admin's picture

ALOFI, Niue (Niue News, Jan. 2) – A group of Niue fishermen have expressed concern that the Niue government has not officially recognized the need for a long-line fisheries management plan.

They also say too many concessions are being granted to New Zealand registered boats working for the Niue Fish Processors joint venture factory at Alofi.

"Government has caved in to demands from foreign fishing interests and Niueans will pay the ultimate price after the area has been worked over," said one fisherman today.

Niue resident fishermen said zone restrictions for six licenses issued to New Zealand long-liners have not been announced by the government; they said it is imperative for future local development of the industry that foreign boats work outside the 30 mile zone.

The local fishermen say they are entitled to know the conditions of licenses for foreign boats.

Opposition Member of Parliament Terry Coe, who is backing local fishermen in their bid to get the government adopt a sustainable fisheries management plan, told Niue News that licensed foreign vessels, regardless of length, should be kept outside the 30 mile zone.

"Inside the 30 mile zone should be reserved for local fishermen using limited numbers of smaller craft [under 15 meters]… in that way resident stocks will not be devastated and the money from catches remains on Niue," he said.

Coe also agreed with local fishermen that two sea mounts - Endeavour and Lachlan - within 12 to 30 nautical miles east of the island should be fished only by local boats.

"Larger long-liners can put out 30 -50 miles of hooks right across those mounts and will fish out resident stocks very quickly," he said.

Coe added that if these areas are allowed to be fished by foreign boats then the opportunity for the sustainability of local development for long-line fishing will quickly become un-viable."

Niue fishermen point to Samoa as an example of over-fishing close inshore which eventually deprived locals using twin hulled Alias from making a living. They were forced to fish further out and a large number of fishermen lost their lives. Now most of the fish stocks in the area are worked-out, said a local fisherman.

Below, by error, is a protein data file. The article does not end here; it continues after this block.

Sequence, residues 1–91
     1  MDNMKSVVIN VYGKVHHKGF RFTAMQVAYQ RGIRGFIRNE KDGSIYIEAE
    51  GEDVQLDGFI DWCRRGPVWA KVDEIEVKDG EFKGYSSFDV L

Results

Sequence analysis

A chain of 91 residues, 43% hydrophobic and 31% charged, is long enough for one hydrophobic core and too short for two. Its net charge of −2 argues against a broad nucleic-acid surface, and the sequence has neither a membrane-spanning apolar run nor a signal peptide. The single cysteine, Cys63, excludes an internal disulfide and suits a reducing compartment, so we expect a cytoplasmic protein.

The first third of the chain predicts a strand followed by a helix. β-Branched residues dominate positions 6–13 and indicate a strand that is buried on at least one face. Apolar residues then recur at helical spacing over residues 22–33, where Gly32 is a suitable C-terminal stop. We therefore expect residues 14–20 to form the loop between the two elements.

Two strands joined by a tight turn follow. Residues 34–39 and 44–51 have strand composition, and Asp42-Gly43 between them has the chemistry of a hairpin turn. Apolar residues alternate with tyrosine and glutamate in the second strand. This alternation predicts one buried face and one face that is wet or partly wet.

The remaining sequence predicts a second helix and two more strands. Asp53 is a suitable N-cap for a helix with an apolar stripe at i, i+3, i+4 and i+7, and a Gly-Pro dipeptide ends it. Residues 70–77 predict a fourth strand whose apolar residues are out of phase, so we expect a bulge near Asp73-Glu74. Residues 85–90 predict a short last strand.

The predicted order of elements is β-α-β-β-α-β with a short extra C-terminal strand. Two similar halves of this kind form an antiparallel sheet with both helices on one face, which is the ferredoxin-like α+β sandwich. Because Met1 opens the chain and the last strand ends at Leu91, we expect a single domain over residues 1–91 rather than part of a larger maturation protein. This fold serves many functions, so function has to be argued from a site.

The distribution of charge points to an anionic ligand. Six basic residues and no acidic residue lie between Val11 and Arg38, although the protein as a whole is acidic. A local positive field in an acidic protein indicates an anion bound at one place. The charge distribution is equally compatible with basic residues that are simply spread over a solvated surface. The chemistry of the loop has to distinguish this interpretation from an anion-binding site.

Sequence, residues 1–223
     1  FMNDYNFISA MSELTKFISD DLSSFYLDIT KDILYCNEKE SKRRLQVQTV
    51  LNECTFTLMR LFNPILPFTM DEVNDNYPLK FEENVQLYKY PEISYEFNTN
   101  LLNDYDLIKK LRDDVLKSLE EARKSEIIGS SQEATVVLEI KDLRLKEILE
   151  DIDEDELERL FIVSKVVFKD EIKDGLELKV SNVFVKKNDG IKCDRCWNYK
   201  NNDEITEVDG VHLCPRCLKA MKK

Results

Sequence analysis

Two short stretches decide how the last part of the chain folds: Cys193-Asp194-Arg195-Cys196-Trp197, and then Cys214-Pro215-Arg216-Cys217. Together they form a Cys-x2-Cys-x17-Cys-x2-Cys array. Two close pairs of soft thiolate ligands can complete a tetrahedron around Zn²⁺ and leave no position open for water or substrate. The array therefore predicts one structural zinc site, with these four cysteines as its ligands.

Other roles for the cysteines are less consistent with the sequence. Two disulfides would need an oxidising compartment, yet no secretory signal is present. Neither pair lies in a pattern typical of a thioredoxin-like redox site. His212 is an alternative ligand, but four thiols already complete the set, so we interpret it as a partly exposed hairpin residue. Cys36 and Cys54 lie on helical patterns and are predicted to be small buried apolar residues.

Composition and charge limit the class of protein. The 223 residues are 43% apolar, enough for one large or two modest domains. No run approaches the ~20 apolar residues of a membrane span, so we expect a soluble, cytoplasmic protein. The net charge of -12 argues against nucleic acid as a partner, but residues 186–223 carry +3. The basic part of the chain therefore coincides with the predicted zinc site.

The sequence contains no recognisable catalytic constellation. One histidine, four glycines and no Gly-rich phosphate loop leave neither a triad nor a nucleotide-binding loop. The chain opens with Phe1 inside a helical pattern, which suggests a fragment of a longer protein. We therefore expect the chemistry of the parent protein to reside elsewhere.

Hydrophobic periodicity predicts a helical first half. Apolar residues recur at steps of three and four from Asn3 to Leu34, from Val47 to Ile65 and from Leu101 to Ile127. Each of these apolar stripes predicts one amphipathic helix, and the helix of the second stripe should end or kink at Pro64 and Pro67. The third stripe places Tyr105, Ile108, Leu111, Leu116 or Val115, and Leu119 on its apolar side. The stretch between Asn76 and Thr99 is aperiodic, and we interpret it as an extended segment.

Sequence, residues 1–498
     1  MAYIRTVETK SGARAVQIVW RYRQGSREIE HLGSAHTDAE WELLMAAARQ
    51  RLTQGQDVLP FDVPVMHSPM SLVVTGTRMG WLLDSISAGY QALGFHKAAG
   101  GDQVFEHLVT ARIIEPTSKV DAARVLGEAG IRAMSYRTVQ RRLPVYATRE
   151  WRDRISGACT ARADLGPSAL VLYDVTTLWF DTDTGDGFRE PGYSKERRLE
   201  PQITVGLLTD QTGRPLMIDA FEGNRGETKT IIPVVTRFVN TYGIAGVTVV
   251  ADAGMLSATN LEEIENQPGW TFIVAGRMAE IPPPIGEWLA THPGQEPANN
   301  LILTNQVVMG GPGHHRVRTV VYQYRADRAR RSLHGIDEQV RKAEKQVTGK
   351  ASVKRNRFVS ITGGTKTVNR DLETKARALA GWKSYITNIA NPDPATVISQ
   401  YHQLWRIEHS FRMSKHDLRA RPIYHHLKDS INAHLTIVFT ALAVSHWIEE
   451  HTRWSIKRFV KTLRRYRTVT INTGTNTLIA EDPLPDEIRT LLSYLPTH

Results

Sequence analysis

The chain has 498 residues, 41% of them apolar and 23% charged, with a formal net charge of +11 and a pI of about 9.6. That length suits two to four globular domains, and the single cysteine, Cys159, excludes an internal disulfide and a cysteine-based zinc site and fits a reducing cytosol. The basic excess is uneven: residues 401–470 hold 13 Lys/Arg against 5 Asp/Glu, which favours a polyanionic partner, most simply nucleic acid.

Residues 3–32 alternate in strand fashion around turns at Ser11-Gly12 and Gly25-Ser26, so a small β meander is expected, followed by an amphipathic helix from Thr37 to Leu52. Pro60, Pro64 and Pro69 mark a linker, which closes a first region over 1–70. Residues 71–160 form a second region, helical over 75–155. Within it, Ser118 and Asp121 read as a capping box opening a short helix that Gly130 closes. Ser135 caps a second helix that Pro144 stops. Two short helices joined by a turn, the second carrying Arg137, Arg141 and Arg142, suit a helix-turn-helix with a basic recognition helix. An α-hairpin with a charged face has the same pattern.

Niue’s waters inside the 30 mile zone is about four percent of the country’s 377,00-square-kilometres Exclusive Economic Zone.

Coe said 96 percent of the EEZ is a large enough area for big long liners to operate. He said there are also other sea mounts and trenches outside the 30 mile area that could be worked in a managed way. There are also corridors into international waters south of Niue.

Coe was concerned that the Minister of Fisheries Bill Vakaafi Motufoou seemed to have shelved a local industry report that outlines sustainability, management, safety and local development put together by local key stakeholders in the industry. He said it was a sure indication the Minister had buckled to pressure from fishing companies.

"That report which was professionally prepared and contained an input from all groups involved with fishing on Niue has never been presented to Cabinet," said Coe.

At a recent meeting of the Tuna Commission the importance of local input into development in long-line fishing to maximize economic benefits to the host country was emphasized.

Early in December Kim Gordon, the general manager of Reef Group, which has established a fish processing plant on the island, said four licenses had been issued to New Zealand boats and six more boats from New Zealand are also applying for licenses to fish in Niue waters.

She said the license spells out how close to the shore boats can fish, and that a Niuean must be trained as part of the crew.

Ms Gordon said if all ten licenses are approved, it will inject millions of dollars into the Niue economy.

"I’m very excited." Ms Gordon said. "The people who are coming on board are very committed to the long term future of Niue as well, and for them, they’re committed to making this a sustainable fishery."

The Niue fish processing factory has remained closed since its official opening in October 2004 due to procedures for the issuing of licenses and the cyclone season.

January 3, 2005

Niue News:


Rate this article: 
No votes yet

Add new comment